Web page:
Sunday night, we were privileged to share in the wedding of a child from the yishuv. The night was magical and beautiful, as most weddings are. It was made even that much more special considering what this family had been through.
Five and a half years ago, we stood in the plaza outside of our main shul and watched them say goodbye to their 4 year old son and brother. Pinny, the father, was literally held up by his brothers throughout that terrible afternoon.
This week, he was held up once again by his family, but in joy, in dancing and in anticipation of a bright future for his daughter.
Five and a half years ago, I sat with Chanan’s mother, Tzippy, at shiva and wondered how a parent endures such pain.
Sunday, I watched her as she stood under the chuppah, beaming as her own father came up to give the bride and groom a blessing.
Last year, we went to the cemetery for the anniversary of Chanan’s death. While Pinny talked about his son, his 2 year old daughter played by the grave. She collected pebbles that she stacked; she danced around; and she jumped from one point to the next. At some point, while her father was talking, someone tried to get her to stop and to pay attention.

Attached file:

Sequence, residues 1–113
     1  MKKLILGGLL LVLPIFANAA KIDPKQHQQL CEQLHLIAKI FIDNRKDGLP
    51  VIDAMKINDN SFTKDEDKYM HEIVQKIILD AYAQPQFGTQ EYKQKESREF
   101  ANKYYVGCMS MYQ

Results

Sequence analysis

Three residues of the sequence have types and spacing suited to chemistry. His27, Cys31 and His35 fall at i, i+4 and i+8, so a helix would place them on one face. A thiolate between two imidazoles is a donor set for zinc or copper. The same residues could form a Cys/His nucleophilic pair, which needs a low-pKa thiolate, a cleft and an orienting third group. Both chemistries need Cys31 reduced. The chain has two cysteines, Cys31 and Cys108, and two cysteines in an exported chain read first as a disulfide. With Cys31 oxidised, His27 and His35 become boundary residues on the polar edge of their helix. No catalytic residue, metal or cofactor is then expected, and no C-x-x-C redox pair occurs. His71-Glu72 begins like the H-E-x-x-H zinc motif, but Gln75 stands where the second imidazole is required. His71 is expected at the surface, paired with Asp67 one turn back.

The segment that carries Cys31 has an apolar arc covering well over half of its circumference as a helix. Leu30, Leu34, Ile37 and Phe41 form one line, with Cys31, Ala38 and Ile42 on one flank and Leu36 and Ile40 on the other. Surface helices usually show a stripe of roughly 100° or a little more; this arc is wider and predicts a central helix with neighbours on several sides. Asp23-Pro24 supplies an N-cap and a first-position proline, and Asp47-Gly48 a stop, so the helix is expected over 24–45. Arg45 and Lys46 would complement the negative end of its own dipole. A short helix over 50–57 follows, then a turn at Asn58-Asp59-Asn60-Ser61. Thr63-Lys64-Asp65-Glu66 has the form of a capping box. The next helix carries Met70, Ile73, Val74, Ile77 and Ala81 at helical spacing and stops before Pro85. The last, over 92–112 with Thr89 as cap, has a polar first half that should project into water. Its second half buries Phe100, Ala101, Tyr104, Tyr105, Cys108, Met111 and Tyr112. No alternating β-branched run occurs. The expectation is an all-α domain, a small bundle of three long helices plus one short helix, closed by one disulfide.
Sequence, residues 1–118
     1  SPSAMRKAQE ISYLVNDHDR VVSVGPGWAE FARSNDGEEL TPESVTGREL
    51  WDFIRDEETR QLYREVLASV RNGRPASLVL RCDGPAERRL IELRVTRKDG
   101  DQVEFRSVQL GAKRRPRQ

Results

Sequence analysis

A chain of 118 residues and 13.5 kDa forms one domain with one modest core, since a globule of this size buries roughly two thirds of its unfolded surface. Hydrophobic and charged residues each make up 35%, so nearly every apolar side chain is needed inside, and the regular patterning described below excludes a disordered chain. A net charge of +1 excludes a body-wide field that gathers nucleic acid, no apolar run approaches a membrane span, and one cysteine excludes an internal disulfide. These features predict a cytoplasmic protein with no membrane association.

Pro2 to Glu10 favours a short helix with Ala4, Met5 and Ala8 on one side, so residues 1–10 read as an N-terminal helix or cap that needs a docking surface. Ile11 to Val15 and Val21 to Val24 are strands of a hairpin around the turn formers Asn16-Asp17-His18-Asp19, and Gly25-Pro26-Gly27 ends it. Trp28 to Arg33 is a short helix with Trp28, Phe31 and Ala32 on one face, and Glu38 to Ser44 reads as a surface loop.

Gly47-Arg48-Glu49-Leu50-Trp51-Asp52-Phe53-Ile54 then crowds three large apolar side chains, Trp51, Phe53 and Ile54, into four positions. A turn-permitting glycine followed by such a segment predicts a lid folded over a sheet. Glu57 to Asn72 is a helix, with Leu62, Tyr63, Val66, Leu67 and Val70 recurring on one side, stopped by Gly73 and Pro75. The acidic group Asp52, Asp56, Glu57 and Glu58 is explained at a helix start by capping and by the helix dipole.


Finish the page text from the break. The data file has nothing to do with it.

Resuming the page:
“No,” said Tzippy. “Let her be.”
And this time, I watched as she played again, but now she did so with a woven basket used to sprinkle the aisle with shiny gold decorations. During the ceremony, she placed the basket on her head, she shook it about and she giggled.
I could only imagine that those giggles were reaching the brother that she never met.
People are forced to deal with terrible tragedy. It’s all around us.
What has been inspiring, however, is to watch how this family has done so. The amazing lesson for me has been to see the openness about them, the unswerving determination to stay together, to communicate, and to grieve through the pain while always looking for the way through.
And what a gift to share in their joy, rather than in their pain, as they watched the first of their children build her own home and her own future surrounding by the family with whom she has endured so much.